Our first appointment in Manhattan was something else. He's an Israeli professor at K-State, she works with autistic children in Topeka. They have three kids, two grandkids, and like Chabad. Plus they know the scoop about everyone in town. We talked about the three weeks, the problem of assimilation, and even put Tefillin on him. It was really nice. Assimilation is a major problem for these small town Jews. The synagogue is little more than a social club, and there's no real sense of Jewish pride, or even Jewish people to hang out with. And that's why we're going out, trying to remind people that yes, they are Jewish, they have something to be proud of, and they should stick with the faith.

At 5:50 we realized that #1, we had an appointment at 6:00, and #2, that we didn't know the directions, and that #3, we hadn't finished up with our current appointment. Twenty five minutes later we were knocking on the door. It didn't open. Oh well. I called, very apologetic, but there was nothing to be done.

After our aborted attempt at a meeting, it was time to go to our favorite hangout: the local library. Unlike in S. Joseph, the librarians were not too helpful. Sure, they were nice enough, but they said something about privacy and we knew it was a hopeless cause. So we left. Man, we sure do seem to do a whole lot of leaving. As we were making our departure I saw a woman staring at me. Being the naturally shy, reserved, (look on thesaurus.com for more synonyms) and generally me person that I am, I ignored her. But she continued. So I asked, "Do you know anyone who's Jewish?" And she replied, "Well, actually I'm Jewish." Of course she's a professor at K-State. Like most college towns, it seems that everyone either works at the university or is somehow supported by it. She had never seen a Chassidic Jew in the city. Heck, I had never seen any type of Jew in the city. Which isn't too surprising, since we only arrived about seven hours before. Be that as it may, she was interested, so we gave her the standard pamphlet and business card, and even told her about this blog, which she promised to visit.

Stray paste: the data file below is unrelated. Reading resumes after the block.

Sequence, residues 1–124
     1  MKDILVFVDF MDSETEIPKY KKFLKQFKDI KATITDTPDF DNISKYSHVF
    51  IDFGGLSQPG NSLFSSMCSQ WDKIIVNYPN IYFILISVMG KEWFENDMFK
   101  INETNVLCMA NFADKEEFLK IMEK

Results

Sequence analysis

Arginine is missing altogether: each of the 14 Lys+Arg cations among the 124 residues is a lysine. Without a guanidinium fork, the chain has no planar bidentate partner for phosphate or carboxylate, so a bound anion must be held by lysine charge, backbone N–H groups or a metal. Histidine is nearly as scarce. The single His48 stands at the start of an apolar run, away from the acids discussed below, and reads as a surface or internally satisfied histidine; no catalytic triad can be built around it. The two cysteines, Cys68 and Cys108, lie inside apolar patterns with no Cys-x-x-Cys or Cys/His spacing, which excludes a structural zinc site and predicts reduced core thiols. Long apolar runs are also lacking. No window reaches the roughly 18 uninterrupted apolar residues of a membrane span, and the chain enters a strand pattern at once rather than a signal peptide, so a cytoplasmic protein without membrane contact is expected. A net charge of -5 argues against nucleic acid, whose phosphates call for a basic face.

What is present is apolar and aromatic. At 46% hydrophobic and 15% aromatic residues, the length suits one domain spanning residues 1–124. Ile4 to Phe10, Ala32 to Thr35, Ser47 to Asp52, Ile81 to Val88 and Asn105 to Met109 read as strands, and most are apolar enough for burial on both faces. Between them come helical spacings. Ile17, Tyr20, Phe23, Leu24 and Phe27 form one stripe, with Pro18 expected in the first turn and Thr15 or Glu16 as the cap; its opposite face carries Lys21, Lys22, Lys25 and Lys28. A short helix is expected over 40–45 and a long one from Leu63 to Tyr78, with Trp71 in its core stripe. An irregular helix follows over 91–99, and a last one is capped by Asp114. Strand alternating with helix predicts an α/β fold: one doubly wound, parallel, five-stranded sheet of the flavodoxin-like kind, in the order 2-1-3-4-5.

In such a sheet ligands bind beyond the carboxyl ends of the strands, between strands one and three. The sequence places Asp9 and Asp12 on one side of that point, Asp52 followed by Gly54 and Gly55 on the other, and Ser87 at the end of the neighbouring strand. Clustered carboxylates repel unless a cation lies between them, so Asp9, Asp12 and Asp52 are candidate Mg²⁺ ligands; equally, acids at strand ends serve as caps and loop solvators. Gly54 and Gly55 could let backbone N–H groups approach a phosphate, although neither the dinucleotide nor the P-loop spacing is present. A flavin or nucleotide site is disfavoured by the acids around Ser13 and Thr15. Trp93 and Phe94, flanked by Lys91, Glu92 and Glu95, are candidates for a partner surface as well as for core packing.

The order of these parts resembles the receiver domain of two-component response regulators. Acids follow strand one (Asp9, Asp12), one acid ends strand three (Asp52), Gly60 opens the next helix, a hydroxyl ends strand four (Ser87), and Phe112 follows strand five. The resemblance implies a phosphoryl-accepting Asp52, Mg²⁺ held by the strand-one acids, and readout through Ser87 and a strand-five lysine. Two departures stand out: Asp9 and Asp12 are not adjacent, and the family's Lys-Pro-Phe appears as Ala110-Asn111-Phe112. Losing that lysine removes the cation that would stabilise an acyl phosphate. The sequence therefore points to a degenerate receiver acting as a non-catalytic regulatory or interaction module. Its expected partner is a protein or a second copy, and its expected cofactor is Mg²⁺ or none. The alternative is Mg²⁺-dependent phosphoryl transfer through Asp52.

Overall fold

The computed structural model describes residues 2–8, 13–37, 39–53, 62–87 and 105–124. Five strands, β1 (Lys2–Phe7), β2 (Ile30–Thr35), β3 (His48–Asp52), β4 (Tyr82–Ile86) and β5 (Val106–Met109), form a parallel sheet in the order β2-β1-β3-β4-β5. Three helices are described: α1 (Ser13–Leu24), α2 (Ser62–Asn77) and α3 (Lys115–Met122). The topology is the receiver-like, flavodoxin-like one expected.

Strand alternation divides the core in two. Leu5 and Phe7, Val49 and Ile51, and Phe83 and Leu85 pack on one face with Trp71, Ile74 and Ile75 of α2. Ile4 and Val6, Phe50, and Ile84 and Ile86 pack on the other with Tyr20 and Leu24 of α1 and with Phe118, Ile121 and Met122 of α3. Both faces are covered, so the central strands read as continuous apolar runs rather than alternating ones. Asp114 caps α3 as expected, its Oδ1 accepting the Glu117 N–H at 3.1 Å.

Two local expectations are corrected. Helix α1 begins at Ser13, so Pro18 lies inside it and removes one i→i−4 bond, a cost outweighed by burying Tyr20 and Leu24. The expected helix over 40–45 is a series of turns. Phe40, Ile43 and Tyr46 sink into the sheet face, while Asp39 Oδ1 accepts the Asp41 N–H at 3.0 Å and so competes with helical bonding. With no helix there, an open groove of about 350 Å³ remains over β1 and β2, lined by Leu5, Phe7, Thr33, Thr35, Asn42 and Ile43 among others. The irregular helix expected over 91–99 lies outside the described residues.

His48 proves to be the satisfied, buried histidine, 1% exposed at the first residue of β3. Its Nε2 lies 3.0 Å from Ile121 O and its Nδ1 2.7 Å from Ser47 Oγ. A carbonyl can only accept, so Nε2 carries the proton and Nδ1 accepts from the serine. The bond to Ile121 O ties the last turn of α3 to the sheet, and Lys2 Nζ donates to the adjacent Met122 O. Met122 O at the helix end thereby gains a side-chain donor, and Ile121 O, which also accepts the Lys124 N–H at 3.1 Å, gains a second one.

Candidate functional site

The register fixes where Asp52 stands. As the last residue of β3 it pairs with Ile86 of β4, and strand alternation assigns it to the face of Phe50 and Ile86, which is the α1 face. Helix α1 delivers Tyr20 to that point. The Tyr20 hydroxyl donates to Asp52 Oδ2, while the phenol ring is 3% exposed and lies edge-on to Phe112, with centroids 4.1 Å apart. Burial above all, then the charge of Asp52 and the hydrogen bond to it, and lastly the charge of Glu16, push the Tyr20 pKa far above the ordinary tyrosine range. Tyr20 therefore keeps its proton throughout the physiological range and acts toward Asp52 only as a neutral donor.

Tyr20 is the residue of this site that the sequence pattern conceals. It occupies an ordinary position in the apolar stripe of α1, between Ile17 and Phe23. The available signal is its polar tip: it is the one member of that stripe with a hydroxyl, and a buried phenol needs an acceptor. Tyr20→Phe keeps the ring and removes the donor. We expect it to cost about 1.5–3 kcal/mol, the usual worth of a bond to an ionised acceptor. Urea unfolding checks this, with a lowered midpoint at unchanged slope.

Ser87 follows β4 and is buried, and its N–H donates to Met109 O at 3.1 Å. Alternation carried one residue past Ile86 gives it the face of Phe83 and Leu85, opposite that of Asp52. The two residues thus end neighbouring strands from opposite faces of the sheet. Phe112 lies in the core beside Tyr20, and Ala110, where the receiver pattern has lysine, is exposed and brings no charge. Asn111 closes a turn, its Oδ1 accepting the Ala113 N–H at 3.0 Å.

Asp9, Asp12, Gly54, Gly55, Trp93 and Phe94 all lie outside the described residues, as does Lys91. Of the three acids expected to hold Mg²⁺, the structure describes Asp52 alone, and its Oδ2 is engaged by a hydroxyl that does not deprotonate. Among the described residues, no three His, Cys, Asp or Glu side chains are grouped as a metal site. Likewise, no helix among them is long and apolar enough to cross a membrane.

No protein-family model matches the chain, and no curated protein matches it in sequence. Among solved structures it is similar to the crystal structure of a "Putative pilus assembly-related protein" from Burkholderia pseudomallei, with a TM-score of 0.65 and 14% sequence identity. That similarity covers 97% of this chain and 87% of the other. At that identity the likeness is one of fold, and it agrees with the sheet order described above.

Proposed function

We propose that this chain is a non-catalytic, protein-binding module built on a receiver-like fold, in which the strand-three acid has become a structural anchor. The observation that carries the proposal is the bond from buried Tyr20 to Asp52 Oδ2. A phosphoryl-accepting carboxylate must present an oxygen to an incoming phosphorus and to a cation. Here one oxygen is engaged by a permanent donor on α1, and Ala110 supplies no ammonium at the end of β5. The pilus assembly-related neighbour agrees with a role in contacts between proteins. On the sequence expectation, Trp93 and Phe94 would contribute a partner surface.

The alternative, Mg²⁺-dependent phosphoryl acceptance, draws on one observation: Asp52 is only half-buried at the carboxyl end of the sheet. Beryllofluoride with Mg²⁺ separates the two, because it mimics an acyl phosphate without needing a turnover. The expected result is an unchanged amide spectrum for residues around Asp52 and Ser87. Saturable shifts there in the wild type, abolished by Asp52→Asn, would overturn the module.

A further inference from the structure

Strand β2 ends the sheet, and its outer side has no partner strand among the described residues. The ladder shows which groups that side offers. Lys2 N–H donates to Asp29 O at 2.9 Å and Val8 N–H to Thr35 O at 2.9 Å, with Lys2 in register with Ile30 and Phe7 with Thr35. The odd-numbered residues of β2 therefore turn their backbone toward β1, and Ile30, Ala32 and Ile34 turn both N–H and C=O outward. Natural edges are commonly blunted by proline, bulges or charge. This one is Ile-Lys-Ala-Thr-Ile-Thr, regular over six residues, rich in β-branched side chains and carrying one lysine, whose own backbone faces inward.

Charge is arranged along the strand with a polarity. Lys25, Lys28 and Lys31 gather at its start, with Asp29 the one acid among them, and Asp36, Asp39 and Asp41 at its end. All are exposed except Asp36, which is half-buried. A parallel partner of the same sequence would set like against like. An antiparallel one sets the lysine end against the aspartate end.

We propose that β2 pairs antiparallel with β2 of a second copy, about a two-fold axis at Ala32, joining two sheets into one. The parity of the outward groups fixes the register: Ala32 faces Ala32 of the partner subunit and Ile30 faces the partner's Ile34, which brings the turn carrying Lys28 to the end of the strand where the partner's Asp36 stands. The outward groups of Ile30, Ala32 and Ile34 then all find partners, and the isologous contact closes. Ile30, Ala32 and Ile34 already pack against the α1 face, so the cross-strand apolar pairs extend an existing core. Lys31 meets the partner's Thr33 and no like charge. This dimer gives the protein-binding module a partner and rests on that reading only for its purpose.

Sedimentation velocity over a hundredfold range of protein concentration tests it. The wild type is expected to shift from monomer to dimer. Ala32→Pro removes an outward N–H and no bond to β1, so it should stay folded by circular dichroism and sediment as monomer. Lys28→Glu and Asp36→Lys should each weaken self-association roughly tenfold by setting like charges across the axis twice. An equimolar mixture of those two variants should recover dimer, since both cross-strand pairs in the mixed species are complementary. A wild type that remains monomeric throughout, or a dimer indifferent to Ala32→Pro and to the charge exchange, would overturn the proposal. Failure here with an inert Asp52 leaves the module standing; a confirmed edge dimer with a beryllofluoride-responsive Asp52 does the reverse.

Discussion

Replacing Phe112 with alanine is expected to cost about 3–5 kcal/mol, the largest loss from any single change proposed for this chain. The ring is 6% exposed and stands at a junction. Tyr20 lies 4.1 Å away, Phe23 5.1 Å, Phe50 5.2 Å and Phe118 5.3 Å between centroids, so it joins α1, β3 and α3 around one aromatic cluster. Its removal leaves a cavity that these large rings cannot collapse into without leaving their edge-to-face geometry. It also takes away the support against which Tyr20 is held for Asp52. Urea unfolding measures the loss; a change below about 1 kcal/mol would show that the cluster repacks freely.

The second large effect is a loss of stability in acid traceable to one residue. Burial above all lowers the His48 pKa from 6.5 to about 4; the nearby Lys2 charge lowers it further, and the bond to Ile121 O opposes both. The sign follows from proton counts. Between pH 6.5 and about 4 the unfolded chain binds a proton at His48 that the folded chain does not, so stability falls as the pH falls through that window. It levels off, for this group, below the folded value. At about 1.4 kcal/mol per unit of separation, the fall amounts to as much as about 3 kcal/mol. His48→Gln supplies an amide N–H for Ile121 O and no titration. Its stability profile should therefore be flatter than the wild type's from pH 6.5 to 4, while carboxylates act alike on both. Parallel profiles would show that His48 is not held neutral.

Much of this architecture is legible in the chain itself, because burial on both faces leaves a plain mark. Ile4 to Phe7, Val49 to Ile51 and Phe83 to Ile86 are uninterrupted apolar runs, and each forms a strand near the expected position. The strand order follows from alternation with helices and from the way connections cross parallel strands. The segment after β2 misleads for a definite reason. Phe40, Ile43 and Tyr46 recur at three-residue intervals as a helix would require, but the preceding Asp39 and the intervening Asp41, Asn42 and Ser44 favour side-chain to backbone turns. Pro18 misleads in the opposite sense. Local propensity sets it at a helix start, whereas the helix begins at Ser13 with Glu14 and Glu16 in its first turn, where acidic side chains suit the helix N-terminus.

Continuing our search took us around town, which is rather empty, as it is summer break at the aforementioned university. So onto Bentonville's pride and joy, the neighborhood Walmart. And unlike the men's rooms at the mall, these mens' here were quite disappointing. The thing flushed every thirty seconds. Quite disconcerting. We davened Mincha in the parking lot, getting more stares than your average elephant in New York, and started to head home, just ahead of an impending storm. Our car was, to put it nicely, a compact, and we felt every gust of wind. But we said the Tefilas Haderech (traveler's prayer) and made it safely to Lawrence, where a hot supper was waiting (thanks Zalmy).

25 comments:

Leo de Toot said...

Dear Mr. R.S.

The nostalgia for your days on the road! Jack Kerouac would be intrigued.

LdT.

e said...

I don't know why, in these early posts you come across as a complainer. You cheerfully recount your travails, and I get the feeling that the cheer covers resentment.

e said...

maybe it's just me.

The Real Shliach said...

Ltd: Yup, me and Jack together...

e: Perhaps because you had to edit them?

e said...

But i didn't notice the tone upon reading the edited version. I noticed it upon reading the unedited version.

The Real Shliach said...

You mean the opposite, right?

e said...

and if you think I notice whiny tone whenever I read something I need to edit, why didn't I notice it with the other bloggers?

e said...

re: meaning the opposite, allow me to clarify. I should have written, "But i didn't notice the tone only upon reading the edited version. I noticed it upon reading the unedited version."

The Real Shliach said...

Presumably you read the unedited version first, right?

Is your current reading affected by your previous connection with the material?

e said...

perhaps it is. But only in that my initial reactions persist into my current reactions. What remains to be explained is where the initial reaction came from.

The Real Shliach said...

Perhaps at the time I was whining to you?

e said...

I decided you were whiny before we started conversing directly.

The Real Shliach said...

Oh, that makes me feel all warm and cozy inside.

e said...

why the heck?

The Real Shliach said...

I was being facetious.

sarabonne said...

I just think how stinky everyone must have been trudging around in suits during the summer heat.

The Real Shliach said...

Don't worry, we used to bring deodorant in the car with us.

e said...

Merkos Shluchim spend lots of time in air-conditioned cars.

The Real Shliach said...

When we were driving to St Joseph we didn't have an air coditioned car. Then we blew a tire and spun out on the highway, and that was the end of that car.

e said...

you didn't have a rented car?

The Real Shliach said...

St. Joseph: chabad house jalopy.

Manhattan: Shliach's car.

Big roadtrip to Missouri: rental car (at least, as far as I recall)

sarabonne said...

Shluchim cars tend to be stinky as well, with weird substances congealing on the surfaces.

The Real Shliach said...

True this. Fortunately, this Shliach was a stickler for cleanliness.

A Suede Ḥossid said...

You were quite a chossid back in the day.

e said...

not just a chossid, The Real Shliach.